- Series: The Centers of Civilization Series ; V. 5
- Paperback: 256 pages
- Publisher: University of Oklahoma Press (May 15, 1971)
- Language: English
- ISBN-10: 0806109564
- ISBN-13: 978-0806109565
- Product Dimensions: 5 x 0.5 x 7.5 inches
- Shipping Weight: 9 ounces (View shipping rates and policies)
- Average Customer Review: 2 customer reviews
- Amazon Best Sellers Rank: #1,635,177 in Books (See Top 100 in Books)
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Rome in the Augustan Age (The Centers of Civilization Series ; V. 5)
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About the Author
Henry Thompson Rowell is professor of Latin and chairman of the Department of Classics in Johns Hopkins University, Baltimore, A native of Stamford, Connecticut, he took his degrees, including the PhD., at Yale University, He is the editor and reviser of Carcopino's Daily Life in Ancient Rome, and on four occasions has directed the summer session of the American Academy in Rome.
Top customer reviews
The chapter on Religion, Morals, and Ideas is worth the price alone. My estimation of Augustus has risen immeasurably as you we see when you finish this clear, concise, and easy to read historical textbook. Three thumbs up!
Like most successful leaders, Augustus was able to achieve political success by convincing most of the Roman polity that he was restoring institutions of the past. In reality what he had restored monarchical government, a system as odious to the Romans as it would be to 21st century Americans. One of the great moments of early Roman history as described by Livy was the exile of the Tarquin kings and the establishment of a republic. While the Romans wallowed in the civic virtues of "republican government" modern societies would not recognize it as anything of the sort. It was, and remained, an oligarchy in which the aristocratic element managed to fool the lower orders into believing they had more of a role to play in the government than they did. Voting was done by assemblies of Roman citizens and carried out by tribes. The older and more established the tribe, regardless of the numbers in them, got to vote first. The head count, the last and largest of the tribes in terms of numbers of members, voted last if it voted at all under Roman rules. The only time ordinary people had a voice in the political life was when it rioted.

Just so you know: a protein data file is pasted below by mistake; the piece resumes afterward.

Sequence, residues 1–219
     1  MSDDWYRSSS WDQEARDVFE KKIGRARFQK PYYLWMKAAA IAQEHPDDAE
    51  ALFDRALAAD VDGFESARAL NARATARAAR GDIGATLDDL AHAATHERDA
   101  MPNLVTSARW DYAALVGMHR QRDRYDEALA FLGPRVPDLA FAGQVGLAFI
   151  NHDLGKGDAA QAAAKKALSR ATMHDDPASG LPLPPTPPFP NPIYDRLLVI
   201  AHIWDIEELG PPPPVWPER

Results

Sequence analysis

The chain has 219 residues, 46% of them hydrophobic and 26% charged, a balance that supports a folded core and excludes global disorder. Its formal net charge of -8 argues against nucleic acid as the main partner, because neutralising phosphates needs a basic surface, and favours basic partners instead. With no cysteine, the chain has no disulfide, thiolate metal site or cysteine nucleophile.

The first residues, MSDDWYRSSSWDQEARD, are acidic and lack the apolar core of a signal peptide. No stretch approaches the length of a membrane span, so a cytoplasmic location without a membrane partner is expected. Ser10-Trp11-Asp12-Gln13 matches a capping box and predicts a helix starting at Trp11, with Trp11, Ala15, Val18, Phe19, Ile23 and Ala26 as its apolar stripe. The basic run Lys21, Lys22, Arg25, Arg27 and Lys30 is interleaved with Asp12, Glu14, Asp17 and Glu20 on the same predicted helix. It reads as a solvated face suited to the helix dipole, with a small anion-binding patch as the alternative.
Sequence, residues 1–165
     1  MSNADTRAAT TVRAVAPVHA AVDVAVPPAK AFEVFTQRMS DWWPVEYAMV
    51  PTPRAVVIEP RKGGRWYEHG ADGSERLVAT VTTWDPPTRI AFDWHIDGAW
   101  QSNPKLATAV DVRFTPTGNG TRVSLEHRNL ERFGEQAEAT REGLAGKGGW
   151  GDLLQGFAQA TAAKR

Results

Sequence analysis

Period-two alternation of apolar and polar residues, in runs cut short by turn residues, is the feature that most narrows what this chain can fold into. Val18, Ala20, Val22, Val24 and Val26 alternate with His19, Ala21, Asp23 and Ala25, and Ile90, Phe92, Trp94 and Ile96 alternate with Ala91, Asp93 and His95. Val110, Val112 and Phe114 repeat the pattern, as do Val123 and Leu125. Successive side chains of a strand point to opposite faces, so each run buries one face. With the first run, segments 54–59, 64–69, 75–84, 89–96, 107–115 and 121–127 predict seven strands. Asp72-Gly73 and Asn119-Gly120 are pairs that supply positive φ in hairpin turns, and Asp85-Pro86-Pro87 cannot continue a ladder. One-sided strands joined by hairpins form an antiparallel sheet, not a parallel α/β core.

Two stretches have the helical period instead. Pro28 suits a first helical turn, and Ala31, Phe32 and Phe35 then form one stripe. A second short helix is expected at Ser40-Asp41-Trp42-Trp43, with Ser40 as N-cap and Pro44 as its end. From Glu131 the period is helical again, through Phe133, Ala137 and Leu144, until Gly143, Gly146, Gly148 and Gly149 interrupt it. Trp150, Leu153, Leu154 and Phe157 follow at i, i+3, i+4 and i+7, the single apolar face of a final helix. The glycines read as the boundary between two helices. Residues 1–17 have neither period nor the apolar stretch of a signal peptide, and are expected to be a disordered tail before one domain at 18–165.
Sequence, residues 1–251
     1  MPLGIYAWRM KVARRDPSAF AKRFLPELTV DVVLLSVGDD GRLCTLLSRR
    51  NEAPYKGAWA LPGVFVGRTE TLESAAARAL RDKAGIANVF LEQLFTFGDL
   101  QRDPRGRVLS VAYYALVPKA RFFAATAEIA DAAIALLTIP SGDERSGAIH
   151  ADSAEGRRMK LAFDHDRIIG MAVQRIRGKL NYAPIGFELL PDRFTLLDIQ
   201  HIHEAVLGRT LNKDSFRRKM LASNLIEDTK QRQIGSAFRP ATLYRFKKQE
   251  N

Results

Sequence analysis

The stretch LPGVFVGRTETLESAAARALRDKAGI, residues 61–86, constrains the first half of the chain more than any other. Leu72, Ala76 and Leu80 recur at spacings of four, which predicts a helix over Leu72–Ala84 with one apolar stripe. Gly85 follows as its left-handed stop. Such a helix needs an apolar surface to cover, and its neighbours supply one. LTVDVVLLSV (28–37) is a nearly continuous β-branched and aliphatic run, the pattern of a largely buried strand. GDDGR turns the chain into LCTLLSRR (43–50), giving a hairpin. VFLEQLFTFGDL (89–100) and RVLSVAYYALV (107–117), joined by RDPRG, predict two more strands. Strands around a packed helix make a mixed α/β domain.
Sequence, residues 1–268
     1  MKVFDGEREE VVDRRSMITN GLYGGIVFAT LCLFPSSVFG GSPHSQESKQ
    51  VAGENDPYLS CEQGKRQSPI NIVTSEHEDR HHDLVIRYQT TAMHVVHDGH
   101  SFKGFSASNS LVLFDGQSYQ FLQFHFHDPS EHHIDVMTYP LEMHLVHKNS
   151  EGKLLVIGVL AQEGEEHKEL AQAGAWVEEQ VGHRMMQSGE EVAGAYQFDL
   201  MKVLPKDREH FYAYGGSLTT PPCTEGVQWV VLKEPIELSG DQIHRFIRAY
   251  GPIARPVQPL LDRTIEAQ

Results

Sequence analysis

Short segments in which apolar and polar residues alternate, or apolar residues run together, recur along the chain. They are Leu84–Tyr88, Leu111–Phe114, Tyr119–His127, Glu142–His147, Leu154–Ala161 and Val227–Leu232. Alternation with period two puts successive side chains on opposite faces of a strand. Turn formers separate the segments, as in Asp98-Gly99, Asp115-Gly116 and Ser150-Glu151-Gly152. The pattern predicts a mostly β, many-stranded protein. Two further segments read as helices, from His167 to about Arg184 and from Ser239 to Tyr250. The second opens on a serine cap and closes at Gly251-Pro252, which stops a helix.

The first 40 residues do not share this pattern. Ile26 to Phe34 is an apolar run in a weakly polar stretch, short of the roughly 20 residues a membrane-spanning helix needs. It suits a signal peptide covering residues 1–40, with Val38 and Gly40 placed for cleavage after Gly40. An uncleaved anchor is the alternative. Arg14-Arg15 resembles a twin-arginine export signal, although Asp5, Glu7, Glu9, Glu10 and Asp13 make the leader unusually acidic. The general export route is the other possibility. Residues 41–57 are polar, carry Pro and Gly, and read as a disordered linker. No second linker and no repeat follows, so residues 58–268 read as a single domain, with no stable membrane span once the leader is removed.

What Augustus did was to revitalize tradition institutions, like the senate, to restore temples and religious practices that had fallen into obscurity, as well as bringing former anti-Caesarians into the government. He was the restorer of the past and the promoter of stability. All the while he ruled while observing the forms of the republic while inventing the imperial tradition. It is noteworthy that the members of the old senate class who wrote the histories that dismissed most of the emperors as tyrants, generally portray Augustus in positive terms.
The book is very strong on a number of points. First and foremost are the ways in which the various classes interacted with each other, these were the aristocratic class, the knights, ordinary people (to include former slaves) and slaves themselves. The economic dynamic is also examined, urban land speculation and money lending were the basis of more than a few fortunes during the Augustine age.
The Augustine age was also a highly cultured one. The theater had reached its pinnacle during the second century BC with the comedies of Plautus, but Virgil, Horace and Ovid were very much a part of the scene. Augustus knew each of them. Virgil was very much a respected figure and Horace a friend. Ovid was banished because of his involvement with the sexual intrigues of Julia, the daughter of Augustus. Augustus was a great builder who supposedly found Rome a city of brick and left it one of marble.
This is an excellent history and well worth reading if one wishes to see why the Augustan age is so fondly recalled to this day.